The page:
Hypnobirthing: can self-hypnosis ease pain and anxiety during childbirth?


Everything you need to know about the birthing technique that uses visualisation, relaxation and deep breathing to reduce pain and anxiety during childbirth.

By Claire Chamberlain

Hypnobirthing is currently all the rage in celebrity circles, but what exactly is it and can it really help to relieve labour pains? We speak to Liz Halliday, Deputy Head of Midwifery at Private Midwives, about self-hypnosis and childbirth:

If you’re pregnant, you will likely have given at least some thought to the upcoming birth. As well as a desire to finally meet your baby, you may also be feeling anything from excitement and anticipation through to anxiety and fear, all of which is entirely normal.

Many women feel anxious about the pain they might experience during labour, which is one of the reasons why hypnobirthing antenatal classes have become increasingly popular in recent years. But what exactly does hypnobirthing entail and does it really work?

What does hypnobirthing involve?

Founded in the US by Maria Mongan, hypnobirthing is a childbirth education course that incorporates self-hypnosis techniques to combat pain and anxiety during labour. ‘Hypnobirthing is a program which teaches many methods of relaxation, often incorporating breathing techniques, positive affirmations, mindfulness and visualisation,’ explains Halliday.

Hypnobirthing incorporates breathing techniques, positive affirmations, mindfulness and visualisation.

‘Women are either taught to self-hypnotise or to enter a trance state with the help of a partner or trained hypnobirthing practitioner,’ adds Halliday.

‘Some courses also teach various comfort measures, active labouring, sports psychology and neural linguistic programming, such as changing the language around labour, in order to retrain the brain into seeing the process as a positive experience. The methods centre around the power of persuasion and the mind’s ability to interpret and even override physical experience or pain.’

Does hypnobirthing work?

There is currently very limited scientific research into the effectiveness of hypnobirthing. In 2006, a small pilot study of 77 women in Australia found that fewer hypnobirthing women resorted to epidurals compared with the controls (36 per cent versus 53 per cent), as well as requiring less intervention to speed up labour (18 per cent versus 36 per cent).

However, a more recent study involving 680 women, carried out by the NHS in 2015, concluded that self-hypnosis did not make any difference to the method of birth (natural, instrumental or c-section) or the pain relief required, compared with a control group. The self-hypnosis group did, however, report a reduction in feelings of anxiety.

The benefits of hypnobirthing

Hypnobirthing enables women to stay calm during labour and use their physical impulses to work with their body in birth. ‘A fear reaction is commonplace when we experience unpleasant or painful sensations,’ says Halliday. ‘But fear releases adrenaline and cortisol, hormones which block the production of oxytocin, which can result in a more painful but less effective labour.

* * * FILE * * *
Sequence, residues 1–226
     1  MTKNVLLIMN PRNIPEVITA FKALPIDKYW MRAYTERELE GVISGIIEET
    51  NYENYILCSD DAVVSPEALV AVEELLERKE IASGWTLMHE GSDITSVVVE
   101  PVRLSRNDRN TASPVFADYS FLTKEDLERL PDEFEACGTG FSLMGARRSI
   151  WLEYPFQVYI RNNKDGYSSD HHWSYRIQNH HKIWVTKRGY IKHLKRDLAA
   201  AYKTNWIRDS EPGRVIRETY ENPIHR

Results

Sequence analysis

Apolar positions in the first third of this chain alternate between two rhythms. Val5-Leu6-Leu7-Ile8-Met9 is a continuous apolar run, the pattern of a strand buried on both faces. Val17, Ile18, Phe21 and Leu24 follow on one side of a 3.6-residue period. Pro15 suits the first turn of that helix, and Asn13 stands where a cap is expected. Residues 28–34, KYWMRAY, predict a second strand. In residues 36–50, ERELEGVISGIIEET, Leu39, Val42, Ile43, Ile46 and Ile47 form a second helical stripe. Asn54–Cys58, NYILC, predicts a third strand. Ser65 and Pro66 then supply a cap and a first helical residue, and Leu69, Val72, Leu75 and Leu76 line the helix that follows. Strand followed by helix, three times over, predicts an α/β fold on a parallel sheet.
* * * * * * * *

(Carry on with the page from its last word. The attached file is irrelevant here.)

By bringing a positive response to labour sensations, hypnobirthing aids women to remain in control.

‘By bringing a positive response to labour sensations, hypnobirthing aids women to remain in control, reminds them to use tangible methods for comfort and can result in a more effective labour, with higher rates of satisfaction. In turn, a better birth experience can lead to a calmer and more positive post-partum journey, as women feel empowered and in control as they enter their journey into new motherhood.

‘In my experience, I do find that women who have practised hypnobirthing seem more prepared, less anxious prior to birth and cope with the sensations of labour in a very different way. They appear more relaxed, at ease and open to trying a range of comfort measures.’

Does hypnobirthing really relieve pain?

If you’re looking for a pain-free solution to childbirth, this is not the one. ‘It’s important to understand that hypnobirthing does not guarantee a sensation-free birth and many women will still interpret those sensations as painful,’ explains Halliday.

‘Occasionally, I have met women who feel they have failed at hypnobirthing because they felt pain, had an intervention in labour, or used a pharmacological form of pain relief, so it’s very important that we are honest with women about what hypnobirthing might help them achieve.’

Should you try hypnobirthing?

The decision to take hypnobirthing classes is a personal one. It is a safe practice, but it does not suit everyone, so have a think about whether it’s something you wish to explore.

‘For me, it’s a tool in the box which helps women to relax, recognise the power in their bodies and work with (rather than against) the strong sensations of labour and birth,’ says Halliday.

Hypnobirthing has been shown to result in lower interventions, epidurals and post-partum depression.

‘But perhaps most importantly, it lends an aspect of control, which many women feel is lacking in their labour. No woman has failed because she chooses to have an epidural or requires clinical interventions in labour, but we do fail women when we discourage hypnobirthing, which has been shown to result in lower interventions, lower rates of epidural, lower rates of post-partum depression and increased rates of breastfeeding.’

Where to find hypnobirthing classes

For more information and to find a class near you, visit:


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